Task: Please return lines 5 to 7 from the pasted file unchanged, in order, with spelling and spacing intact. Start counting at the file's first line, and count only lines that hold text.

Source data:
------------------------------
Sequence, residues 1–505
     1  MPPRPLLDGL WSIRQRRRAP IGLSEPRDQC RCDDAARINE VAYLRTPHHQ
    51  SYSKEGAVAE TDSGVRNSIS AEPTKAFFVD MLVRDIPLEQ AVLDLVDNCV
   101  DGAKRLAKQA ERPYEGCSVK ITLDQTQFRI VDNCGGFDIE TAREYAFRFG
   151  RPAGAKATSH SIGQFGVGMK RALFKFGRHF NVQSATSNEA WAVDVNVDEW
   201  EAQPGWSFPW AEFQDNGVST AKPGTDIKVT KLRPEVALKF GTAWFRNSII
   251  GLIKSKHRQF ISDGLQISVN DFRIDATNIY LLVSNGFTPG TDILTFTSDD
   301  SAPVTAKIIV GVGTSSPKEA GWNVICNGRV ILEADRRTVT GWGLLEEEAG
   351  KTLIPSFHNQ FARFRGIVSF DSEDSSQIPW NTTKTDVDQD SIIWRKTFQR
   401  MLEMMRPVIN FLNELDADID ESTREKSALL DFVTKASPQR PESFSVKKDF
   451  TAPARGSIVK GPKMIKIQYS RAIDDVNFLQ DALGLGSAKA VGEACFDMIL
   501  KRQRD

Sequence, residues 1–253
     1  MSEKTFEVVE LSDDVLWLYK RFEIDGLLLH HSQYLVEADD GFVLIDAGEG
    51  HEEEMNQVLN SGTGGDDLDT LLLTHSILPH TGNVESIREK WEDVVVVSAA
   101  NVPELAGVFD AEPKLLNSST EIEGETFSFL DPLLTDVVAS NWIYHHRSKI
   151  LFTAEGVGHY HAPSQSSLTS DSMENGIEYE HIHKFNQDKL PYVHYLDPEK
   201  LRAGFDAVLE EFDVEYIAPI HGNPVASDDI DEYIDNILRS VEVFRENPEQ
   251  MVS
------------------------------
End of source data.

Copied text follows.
   151  RPAGAKATSH SIGQFGVGMK RALFKFGRHF NVQSATSNEA WAVDVNVDEW
   201  EAQPGWSFPW AEFQDNGVST AKPGTDIKVT KLRPEVALKF GTAWFRNSII
   251  GLIKSKHRQF ISDGLQISVN DFRIDATNIY LLVSNGFTPG TDILTFTSDD